Pursuing my interest in invisible structures, in sculptural work X-Ray series I unveil the otherwise invisible vertical structure with a specialist weave technique I have developed.
My interest in weaving stems from the way thread, which resembles a line in its single dimension, can be woven to create two-dimensional surfaces. I push the processes I use to make work to fields I believe they have not been taken yet. In weave, once I understood the technique I became interested in investigating what is underneath the woven surface, what kind of structure is hidden beneath the sealed outer layer.
I imagined there were complex structures similar to the skeleton of the body; therefore I made the vertical warp the focal point of my work that I see as the skeleton of the woven body. I reveal and manipulate the entire vertical structure of a weaving. The use of translucent nylon monofilament ensures an unconventional appearance and distinguishes my work from traditional weavings.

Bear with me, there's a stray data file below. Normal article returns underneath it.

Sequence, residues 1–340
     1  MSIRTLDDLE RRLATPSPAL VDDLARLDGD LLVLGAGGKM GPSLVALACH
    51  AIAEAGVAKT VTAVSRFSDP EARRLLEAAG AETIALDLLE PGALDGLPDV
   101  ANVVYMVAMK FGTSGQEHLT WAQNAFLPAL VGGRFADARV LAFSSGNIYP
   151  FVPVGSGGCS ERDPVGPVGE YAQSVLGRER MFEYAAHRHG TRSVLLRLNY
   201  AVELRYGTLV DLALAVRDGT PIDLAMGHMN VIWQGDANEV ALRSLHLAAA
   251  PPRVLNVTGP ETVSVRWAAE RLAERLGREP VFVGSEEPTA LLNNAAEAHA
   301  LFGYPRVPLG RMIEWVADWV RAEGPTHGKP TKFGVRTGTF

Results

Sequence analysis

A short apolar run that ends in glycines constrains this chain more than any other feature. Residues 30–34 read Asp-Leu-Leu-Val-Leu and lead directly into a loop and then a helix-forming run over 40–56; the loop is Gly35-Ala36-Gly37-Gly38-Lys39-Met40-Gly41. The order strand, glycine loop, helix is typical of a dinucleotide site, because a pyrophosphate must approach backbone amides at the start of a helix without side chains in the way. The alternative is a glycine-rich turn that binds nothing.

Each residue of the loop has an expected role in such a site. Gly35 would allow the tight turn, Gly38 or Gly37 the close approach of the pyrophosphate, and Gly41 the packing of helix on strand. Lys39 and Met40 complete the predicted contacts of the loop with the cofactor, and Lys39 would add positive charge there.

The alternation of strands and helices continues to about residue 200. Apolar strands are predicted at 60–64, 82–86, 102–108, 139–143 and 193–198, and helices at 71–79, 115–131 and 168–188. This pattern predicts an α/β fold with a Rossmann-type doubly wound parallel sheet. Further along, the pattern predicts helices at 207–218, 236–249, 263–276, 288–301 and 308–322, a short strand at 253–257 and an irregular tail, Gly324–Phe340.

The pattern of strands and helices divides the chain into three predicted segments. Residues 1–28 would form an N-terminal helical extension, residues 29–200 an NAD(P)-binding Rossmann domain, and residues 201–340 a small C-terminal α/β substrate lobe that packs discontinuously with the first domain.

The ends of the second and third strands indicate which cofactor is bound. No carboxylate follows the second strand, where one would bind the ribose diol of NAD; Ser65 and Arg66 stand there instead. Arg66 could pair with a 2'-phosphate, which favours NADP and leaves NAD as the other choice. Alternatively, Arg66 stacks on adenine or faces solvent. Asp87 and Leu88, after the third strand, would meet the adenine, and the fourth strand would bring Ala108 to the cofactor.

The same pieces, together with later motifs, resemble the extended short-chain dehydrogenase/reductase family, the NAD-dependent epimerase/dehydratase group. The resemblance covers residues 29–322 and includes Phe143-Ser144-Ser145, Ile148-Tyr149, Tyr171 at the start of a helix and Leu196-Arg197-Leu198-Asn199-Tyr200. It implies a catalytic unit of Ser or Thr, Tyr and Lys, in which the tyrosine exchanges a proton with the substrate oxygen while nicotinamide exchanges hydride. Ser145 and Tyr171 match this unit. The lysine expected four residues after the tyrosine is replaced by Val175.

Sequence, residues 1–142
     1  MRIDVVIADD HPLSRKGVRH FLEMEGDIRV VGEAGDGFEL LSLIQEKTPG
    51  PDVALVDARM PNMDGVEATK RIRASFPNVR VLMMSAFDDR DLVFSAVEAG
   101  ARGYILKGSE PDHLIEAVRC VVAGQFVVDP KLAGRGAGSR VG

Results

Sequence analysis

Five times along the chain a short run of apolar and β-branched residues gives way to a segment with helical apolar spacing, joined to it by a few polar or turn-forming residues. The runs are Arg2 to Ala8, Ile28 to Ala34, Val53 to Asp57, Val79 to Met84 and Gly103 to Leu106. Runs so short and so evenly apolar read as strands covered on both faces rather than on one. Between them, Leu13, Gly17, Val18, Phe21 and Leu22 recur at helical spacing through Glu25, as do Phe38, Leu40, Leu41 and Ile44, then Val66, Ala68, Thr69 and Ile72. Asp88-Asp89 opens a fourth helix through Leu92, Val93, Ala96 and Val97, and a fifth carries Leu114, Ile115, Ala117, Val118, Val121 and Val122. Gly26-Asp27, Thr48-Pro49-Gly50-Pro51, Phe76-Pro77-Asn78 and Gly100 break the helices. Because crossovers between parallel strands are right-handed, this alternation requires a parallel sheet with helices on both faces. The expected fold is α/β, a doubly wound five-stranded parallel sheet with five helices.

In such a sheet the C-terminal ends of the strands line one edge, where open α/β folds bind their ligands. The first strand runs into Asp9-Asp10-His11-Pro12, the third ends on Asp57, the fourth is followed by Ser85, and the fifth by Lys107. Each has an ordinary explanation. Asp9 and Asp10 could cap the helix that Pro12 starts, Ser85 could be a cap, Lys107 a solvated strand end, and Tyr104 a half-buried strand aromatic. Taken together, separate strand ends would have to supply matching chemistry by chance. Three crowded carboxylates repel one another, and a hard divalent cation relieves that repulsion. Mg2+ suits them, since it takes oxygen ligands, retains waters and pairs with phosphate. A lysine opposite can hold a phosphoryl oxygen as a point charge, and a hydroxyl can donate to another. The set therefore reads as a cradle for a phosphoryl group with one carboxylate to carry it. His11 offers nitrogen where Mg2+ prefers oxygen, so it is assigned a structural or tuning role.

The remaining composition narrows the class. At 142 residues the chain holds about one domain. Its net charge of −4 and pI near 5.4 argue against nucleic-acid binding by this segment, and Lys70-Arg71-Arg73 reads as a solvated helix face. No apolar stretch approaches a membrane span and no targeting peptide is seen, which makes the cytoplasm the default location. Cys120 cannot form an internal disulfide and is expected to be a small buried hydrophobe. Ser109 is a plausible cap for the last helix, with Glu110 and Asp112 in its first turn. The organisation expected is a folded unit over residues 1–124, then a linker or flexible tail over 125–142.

I explore the effects of transparency through visual change caused by light: a performance that marks time in space as sunlight enters and gradually passes through the installation. This visual transformation tricks the eye of the viewer resulting in longer observation or the material being confused for glass or ice.
The series won the Perrier-Jouët Arts Salon Prize 2016, the Peter Collingwood Trust Award 2015, and is in the Victoria & Albert Museum collection.